Weldon Leo "Jack" Teagarden (August 20, 1905 – January 15, 1964), known as "Big T" and "The Swingin' Gate", was a jazz trombonist, bandleader, composer, and vocalist, regarded as the "Father of Jazz Trombone". Born in Vernon, Texas, his brothers Charlie and Clois "Cub" and his sister Norma also became noted professional musicians. Teagarden's father was an amateur brass band trumpeter and started young Jack on baritone horn; by age seven he had switched to trombone. He first heard jazz music played by the Louisiana Five and decided to play in the new style. Teagarden's trombone style was largely self-taught, and he developed many unusual alternative positions and novel special effects on the instrument. He is usually considered the most innovative jazz trombone stylist of the pre-bebop era, and did much to expand the role of the instrument beyond the old tailgate style role of the early New Orleans brass bands. Chief among his contributions to the language of jazz trombonists was his ability to interject the blues or merely a "blue feeling" into virtually any piece of music. By 1920 Teagarden was playing professionally in San Antonio, including with the band of pianist Peck Kelley. In the mid 1920s he started traveling widely around the United States in a quick succession of different bands. In 1927, he went to New York City where he worked with several bands. By 1928 he played for the Ben Pollack band. Within a year of the commencement of his recording career, he became a regular vocalist, first doing blues material ("Beale Street Blues", for example), and later doing popular songs. He is often mentioned as one of the best white male jazz vocalists of the era; his singing style is quite like his trombone playing, in terms of improvisation (in the same way that Louis Armstrong sang quite like he played trumpet). His singing is best remembered for duets with Louis Armstrong and Johnny Mercer. In the late 1920s he recorded with such notable bandleaders and sidemen as Louis Armstrong, Benny Goodman, Bix Beiderbecke, Red Nichols, Jimmy McPartland, Mezz Mezzrow, Glenn Miller, and Eddie Condon. Glenn Miller and Teagarden collaborated to provide lyrics and a verse to Spencer Williams' Basin Street Blues, which in that amended form became one of the numbers that Teagarden played until the end of his days. In the early 1930s Teagarden was based in Chicago, for some time playing with the band of Wingy Manone. He played at the Century of Progress exposition in Chicago. Teagarden sought financial security during the Great Depression and signed an exclusive contract to play for the Paul Whiteman Orchestra from 1933 through 1938. The contract with Whiteman's band provided him with financial security but prevented him from playing an active part in the musical advances of the mid-thirties swing era. In 1946 Teagarden joined Louis Armstrong's All Stars. Armstrong and Teagarden's work together shows a wonderful rapport, in particular their duet on "Rockin' Chair". In late 1951 Teagarden left to again lead his own band, then co-led a band with Earl Hines, then again with a group under his own name with whom he toured Japan in 1958 and 1959. Teagarden was the featured performer at the Newport Jazz Festival of 1957. Saturday Review wrote in 1964 that he "walked with artistic dignity all his life," and the same year Newsweek praised his "mature approach to trombone jazz."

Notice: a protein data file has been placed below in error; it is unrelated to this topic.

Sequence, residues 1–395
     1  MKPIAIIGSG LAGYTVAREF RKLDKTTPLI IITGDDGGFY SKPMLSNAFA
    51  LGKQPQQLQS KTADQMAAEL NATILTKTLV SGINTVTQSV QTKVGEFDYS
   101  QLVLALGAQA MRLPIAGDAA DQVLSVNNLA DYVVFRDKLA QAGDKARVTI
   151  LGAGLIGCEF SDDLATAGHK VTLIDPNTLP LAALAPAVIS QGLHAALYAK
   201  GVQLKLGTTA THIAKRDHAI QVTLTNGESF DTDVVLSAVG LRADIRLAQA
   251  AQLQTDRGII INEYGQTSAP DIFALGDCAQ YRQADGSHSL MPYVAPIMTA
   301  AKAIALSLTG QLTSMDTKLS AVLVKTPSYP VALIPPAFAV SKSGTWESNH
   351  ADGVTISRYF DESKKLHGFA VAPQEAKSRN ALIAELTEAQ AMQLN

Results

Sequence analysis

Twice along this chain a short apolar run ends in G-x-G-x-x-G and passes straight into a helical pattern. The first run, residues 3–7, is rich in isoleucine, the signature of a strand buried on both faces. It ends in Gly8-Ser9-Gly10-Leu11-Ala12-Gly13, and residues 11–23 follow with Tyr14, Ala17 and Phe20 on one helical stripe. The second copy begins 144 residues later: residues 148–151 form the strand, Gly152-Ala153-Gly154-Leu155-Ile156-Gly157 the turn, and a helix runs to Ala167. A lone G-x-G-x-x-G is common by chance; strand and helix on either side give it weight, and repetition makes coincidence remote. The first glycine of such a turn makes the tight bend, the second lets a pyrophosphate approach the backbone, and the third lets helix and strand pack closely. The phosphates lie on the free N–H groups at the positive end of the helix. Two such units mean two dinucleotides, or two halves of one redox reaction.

A treasure of outstanding jazz was recorded for the U.S. Government during World War II and distributed throughout the world on V-Discs but the single session that stands out is the first one on this record, issued complete and in superb fidelity for the first time. The session began at midnight, December 7, 1944 and ended three hours later. On all but two tracks, Jack Teagarden is not only featured, but turns in some of the most inspired playing of his long career. Louis Armstrong, a surprise visitor to the session was in top form also. This was one of the few opportunities Louis had in more than a decade to record with this kind of group. Here we have a bunch of fine musicians, all performing at the peak of their powers. Shortly after the December 1944 session, Metronome editor George Simon arranged a second midnight V-Disc session; this time at the Vanderbilt Theatre on West 58th St. in New York. The quality of both the music and the sound on these two sessions should please all collectors acquiring this outstanding CD.